In a questionnaire response, Paladin Energy Limited general manager (international affairs) Greg Walker defends the amounts given to the victims, arguing they were in accordance with the provisions of the laws of Malawi.
Says Walker: Ã¢â‚¬Å“The figures are in accordance with the provisions of the WorkersÃ¢â‚¬â„¢ Compensation Act of Malawi.Ã¢â‚¬Â
He said the company cares about the welfare of its employees and that the three victims were initially evacuated to MalawiÃ¢â‚¬â„¢s commercial city, Blantyre, before being flown to a South African hospital for specialised treatment.
Ã¢â‚¬Å“Regrettably, despite this high level of care, two of the three construction workers subsequently passed away. Total expenditure on medical treatment and other expenses to date exceeds K200 million [about $1.20 million],Ã¢â‚¬Â he says.
Walker also says the company renovated and upgraded the living victimÃ¢â‚¬â„¢s house to accommodate his disabilities and that it is still helping him to establish his own business.
He says Paladin is aware that one of the victims has sought legal advice on the compensation.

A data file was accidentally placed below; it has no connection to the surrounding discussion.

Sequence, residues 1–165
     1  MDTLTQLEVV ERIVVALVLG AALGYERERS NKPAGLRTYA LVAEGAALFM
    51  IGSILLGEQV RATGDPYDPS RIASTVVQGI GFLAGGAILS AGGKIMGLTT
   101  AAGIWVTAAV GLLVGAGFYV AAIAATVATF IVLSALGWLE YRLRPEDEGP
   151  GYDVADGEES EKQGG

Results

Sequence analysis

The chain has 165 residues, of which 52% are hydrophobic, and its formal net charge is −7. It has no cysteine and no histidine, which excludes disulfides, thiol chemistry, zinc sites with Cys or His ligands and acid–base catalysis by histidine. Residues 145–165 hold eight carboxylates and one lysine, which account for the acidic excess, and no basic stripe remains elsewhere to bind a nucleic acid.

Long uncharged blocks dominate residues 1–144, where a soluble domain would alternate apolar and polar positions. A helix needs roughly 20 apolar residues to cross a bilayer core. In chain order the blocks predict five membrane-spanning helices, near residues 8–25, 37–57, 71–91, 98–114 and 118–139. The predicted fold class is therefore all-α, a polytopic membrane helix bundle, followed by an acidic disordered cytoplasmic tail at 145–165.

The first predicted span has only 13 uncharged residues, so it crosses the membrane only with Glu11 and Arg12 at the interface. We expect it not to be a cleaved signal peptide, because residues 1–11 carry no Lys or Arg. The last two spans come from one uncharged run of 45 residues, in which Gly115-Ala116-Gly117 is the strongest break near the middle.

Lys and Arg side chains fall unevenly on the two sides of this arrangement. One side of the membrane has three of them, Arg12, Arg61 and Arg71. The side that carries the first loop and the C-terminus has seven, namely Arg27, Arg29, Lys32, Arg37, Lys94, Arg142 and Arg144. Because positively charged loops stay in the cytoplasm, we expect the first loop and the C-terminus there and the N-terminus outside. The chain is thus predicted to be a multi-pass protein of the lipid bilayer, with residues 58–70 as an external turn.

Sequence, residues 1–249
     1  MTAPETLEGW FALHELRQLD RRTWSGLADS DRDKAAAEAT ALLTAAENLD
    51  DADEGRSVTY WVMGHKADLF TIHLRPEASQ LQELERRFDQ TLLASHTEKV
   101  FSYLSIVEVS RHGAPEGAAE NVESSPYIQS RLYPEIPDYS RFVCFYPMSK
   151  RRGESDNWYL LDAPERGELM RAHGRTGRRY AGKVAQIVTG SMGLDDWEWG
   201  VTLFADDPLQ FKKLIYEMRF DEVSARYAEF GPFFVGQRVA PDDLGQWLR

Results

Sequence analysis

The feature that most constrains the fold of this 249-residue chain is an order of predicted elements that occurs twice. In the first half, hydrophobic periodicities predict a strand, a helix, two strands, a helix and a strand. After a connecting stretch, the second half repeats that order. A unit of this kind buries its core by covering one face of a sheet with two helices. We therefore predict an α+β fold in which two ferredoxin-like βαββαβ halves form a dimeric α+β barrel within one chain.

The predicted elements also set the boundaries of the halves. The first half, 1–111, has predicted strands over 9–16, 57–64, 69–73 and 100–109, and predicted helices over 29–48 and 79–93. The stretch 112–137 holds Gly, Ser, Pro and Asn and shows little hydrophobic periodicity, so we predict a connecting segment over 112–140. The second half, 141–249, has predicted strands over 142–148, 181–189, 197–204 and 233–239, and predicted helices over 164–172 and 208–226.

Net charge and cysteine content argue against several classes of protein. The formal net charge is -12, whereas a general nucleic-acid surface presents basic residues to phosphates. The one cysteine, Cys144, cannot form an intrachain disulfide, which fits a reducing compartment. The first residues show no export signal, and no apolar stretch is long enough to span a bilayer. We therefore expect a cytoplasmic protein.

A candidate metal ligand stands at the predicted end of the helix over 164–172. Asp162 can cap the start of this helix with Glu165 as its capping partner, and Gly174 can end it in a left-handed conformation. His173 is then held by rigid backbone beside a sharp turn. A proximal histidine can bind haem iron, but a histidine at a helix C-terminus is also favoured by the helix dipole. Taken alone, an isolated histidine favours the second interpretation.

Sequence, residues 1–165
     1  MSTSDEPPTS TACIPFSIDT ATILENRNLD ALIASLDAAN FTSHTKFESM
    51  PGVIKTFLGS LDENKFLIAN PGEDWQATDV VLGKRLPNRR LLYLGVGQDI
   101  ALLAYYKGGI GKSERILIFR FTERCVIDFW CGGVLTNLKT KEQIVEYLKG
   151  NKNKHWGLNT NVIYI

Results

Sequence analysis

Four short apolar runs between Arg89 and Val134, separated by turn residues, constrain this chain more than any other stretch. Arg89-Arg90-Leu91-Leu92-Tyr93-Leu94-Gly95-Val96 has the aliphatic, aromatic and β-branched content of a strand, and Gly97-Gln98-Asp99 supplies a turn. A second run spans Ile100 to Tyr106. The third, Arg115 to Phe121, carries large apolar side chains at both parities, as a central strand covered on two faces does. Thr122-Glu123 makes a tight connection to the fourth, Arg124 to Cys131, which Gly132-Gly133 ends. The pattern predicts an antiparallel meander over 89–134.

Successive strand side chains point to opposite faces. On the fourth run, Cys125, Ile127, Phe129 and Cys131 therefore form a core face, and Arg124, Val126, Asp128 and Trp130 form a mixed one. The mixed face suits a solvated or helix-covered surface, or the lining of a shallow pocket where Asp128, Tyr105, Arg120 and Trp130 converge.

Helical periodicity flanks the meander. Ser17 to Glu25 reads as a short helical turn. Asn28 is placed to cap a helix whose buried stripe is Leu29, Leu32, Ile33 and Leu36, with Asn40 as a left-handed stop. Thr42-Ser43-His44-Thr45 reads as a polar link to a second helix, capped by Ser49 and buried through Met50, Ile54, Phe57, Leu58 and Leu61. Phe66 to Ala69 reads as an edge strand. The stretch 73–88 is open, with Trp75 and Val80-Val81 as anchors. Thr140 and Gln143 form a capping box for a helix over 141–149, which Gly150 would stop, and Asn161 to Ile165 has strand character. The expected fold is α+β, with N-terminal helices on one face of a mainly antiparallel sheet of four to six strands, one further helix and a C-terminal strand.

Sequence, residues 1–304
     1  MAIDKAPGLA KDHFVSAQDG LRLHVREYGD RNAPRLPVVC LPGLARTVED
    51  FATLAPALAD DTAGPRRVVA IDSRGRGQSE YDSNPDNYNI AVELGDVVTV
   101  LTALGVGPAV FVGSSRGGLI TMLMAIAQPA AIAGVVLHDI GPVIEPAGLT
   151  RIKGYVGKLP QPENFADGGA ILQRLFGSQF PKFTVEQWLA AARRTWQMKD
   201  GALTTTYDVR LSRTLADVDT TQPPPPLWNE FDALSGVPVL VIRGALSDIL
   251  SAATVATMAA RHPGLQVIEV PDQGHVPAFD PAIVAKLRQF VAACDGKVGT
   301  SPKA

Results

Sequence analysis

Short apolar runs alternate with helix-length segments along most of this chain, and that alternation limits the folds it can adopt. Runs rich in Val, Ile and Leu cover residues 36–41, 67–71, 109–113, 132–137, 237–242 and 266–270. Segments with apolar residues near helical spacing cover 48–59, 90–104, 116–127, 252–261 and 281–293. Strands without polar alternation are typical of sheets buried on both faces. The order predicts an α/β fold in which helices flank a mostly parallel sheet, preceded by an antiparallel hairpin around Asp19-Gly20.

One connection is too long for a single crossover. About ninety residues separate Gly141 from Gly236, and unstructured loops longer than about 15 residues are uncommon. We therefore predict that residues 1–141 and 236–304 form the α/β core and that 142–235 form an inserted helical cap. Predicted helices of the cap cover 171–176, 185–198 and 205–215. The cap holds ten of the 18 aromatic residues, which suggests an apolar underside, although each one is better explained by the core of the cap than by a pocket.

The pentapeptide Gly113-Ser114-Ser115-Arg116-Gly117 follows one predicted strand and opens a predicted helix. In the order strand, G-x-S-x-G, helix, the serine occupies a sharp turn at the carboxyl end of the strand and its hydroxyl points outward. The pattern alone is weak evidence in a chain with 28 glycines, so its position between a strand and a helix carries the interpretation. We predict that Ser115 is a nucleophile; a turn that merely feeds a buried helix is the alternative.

Walker says by seeking legal advice, the victim is only exercising his right to legal recourse.
Walker says the mineÃ¢â‚¬â„¢s construction, which involves building plants and installing equipment, is more risky than operational activities.
But he says despite such risks, Kayelekera has never registered any fatality or serious injury incident since production commenced in March 2009.
On PaladinÃ¢â‚¬â„¢s relationship with Sichinga, who was employed by a South African contractor at the mine, Walker said: Ã¢â‚¬Å“Construction workers were engaged by a contractor which supplied labour services to the company during the construction phase. Operational employees engaged by Kayelekera Mine are employed under contract with the company.Ã¢â‚¬Â
Malawi GovernmentÃ¢â‚¬â„¢s labour commissioner Elias Zilikudondo defends Paladin, arguing the amount which was paid to the deceased families was calculated by the Ministry of Labour.
But Zilikudondo says government is not aware Sichinga declined to receive the offered compensation.
The labour commissioner says at the time the compensation was being calculated, Sichinga was not medically examined as he was still recuperating.
Ã¢â‚¬Å“The district labour officer for Karonga will arrange to have him medically examined to determine the degree of incapacity he suffered in order to calculate his compensation,Ã¢â‚¬Â says Zilikudondo.
He says while victims have the legal right to go to court, they may wish to know that compensation is calculated using a formula contained in the WorkersÃ¢â‚¬â„¢ Compensation Act, Cap.55:03.